Peace, war, and miniature painting

Finding fulfillment and friendship in a science-fiction hobby community

Killian Houghton ‘22, Contributing Intro to Journalism Writer

In the far-flung future of the 41st millennium, there is only war. Well, war, intricately-detailed plastic figurines, and the friends we made along the way; that doesn’t sound very foreboding, though, does it? 

In case you’re confused, I’m referring to a tabletop game called Warhammer 40,000. Set in an immense science-fiction universe, the actual game of Warhammer involves two players simulating a battle with their own armies of plastic miniatures. Players assemble their armies on elaborate tabletop battlefields and take turns moving units up the board, eliminating enemy units and capturing vital objectives. 

 Any fan of Warhammer will tell you that it’s much more than that, though. The entire hobby is massive and complex; each player’s collection of glorified plastic army men must be assembled by hand, with individual figures’ parts requiring plastic glue to fit them together. Then, each model is hand-painted, a process which can take numerous hours for a single figure. The amount of effort, money and time that many pour into this hobby can be mind-boggling. Why, then, do so many nerds (like myself) enjoy such an arduous process? 

If you asked this question, you’d get many different answers. The sci-fi universe of the 41st millennium is truly massive, and enthusiasts find many different things to enjoy. Some exclusively paint models, never even bothering with the game itself; they will develop their painting talents and make each model a true work of art. Others will comb through the countless Warhammer novels that are out there, enjoying the lore and background of the setting.Then, of course, there are those who take the competitive gameplay seriously, endlessly tweaking their armies and taking them to every tournament event.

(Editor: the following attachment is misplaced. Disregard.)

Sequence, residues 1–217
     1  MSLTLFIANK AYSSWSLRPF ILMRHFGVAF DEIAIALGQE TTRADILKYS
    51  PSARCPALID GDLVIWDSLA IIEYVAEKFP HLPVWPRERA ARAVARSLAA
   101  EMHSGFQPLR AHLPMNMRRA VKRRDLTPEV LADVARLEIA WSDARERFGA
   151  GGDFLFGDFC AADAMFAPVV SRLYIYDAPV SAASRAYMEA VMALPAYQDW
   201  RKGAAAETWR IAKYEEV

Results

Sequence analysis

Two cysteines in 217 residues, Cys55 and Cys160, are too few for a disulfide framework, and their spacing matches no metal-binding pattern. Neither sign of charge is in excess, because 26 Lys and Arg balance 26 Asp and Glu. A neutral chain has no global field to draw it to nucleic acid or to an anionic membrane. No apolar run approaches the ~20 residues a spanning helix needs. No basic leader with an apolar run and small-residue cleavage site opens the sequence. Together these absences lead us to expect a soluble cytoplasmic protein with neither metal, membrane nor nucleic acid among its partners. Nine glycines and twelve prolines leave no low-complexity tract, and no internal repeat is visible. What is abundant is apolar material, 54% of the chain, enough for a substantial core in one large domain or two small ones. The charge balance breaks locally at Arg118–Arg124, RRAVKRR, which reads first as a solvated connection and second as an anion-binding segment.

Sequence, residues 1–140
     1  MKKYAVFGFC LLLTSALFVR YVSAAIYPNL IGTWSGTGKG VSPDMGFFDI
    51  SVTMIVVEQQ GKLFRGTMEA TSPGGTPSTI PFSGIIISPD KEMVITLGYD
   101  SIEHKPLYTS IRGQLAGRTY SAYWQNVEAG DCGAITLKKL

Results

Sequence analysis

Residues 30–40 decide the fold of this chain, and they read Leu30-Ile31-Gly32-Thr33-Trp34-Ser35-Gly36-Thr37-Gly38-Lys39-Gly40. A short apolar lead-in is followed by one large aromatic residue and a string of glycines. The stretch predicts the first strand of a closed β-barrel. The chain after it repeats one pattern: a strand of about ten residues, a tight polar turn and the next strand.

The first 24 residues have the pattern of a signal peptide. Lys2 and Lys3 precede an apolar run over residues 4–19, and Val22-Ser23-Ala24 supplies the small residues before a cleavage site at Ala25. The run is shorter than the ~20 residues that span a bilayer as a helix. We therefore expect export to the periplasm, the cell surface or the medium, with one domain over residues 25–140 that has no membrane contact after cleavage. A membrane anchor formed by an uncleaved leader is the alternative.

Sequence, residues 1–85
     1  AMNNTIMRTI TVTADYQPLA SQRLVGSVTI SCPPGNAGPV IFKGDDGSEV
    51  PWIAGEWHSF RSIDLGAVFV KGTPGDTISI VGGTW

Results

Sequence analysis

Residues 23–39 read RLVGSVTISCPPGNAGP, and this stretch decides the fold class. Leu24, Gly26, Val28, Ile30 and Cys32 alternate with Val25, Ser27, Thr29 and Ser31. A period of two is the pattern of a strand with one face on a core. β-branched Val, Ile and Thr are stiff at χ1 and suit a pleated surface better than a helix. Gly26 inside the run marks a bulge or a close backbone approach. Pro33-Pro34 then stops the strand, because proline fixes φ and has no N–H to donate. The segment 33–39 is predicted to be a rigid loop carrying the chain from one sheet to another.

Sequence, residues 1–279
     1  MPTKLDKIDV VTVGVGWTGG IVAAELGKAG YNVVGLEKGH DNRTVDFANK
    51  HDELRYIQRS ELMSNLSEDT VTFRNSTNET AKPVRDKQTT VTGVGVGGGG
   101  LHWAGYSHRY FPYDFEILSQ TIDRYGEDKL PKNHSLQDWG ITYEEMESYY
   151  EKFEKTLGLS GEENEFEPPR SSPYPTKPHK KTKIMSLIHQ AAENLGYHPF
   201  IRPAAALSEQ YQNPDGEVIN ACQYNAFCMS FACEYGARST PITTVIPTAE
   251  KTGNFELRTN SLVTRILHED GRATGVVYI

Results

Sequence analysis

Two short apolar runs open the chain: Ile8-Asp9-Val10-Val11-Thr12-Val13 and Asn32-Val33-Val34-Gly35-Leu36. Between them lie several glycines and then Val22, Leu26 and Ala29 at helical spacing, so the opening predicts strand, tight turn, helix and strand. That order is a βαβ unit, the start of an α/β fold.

A fellow senior at SLHS and newfound Warhammer hobbyist, Kevin Lowen, summarized his thoughts: “What got me interested/hooked was the process of actually building the models. The way you can just focus on one thing and let nothing else bother you in the moment.”

This is a sentiment held by many. Warhammer, particularly the creative side of the hobby, is very constructive. Focusing on that one model’s paint job, relaxing, and seeing the final product of your effort is very satisfying. Speaking from my own experience, I can say that it’s had positive effects on my mental wellbeing. Just knowing that I’m creating something puts my mind at ease. 

Another senior here at SLHS, Logan Price, shares his perspective as someone interested in Warhammer, but who has not taken the dive just yet: “The lore peaks my interest the most, the more I learn about how each faction and character came to be, the further I want to dive into the world of Warhammer.”

This is usually how the addiction begins: the intrigue and complexity of this sci-fi universe draws people in. With around 26 different factions and alien races constantly in conflict with one another, there is no shortage of storytelling opportunities.

This massive scale of Warhammer can largely be attributed to the community of fans surrounding it; everyone is eager to share tales of lore, gameplay experiences and hobbying tips. The amount of love and effort poured into this franchise by fans cannot be understated. Every day, more people begin their hobbying adventure with this extraordinary game. 3

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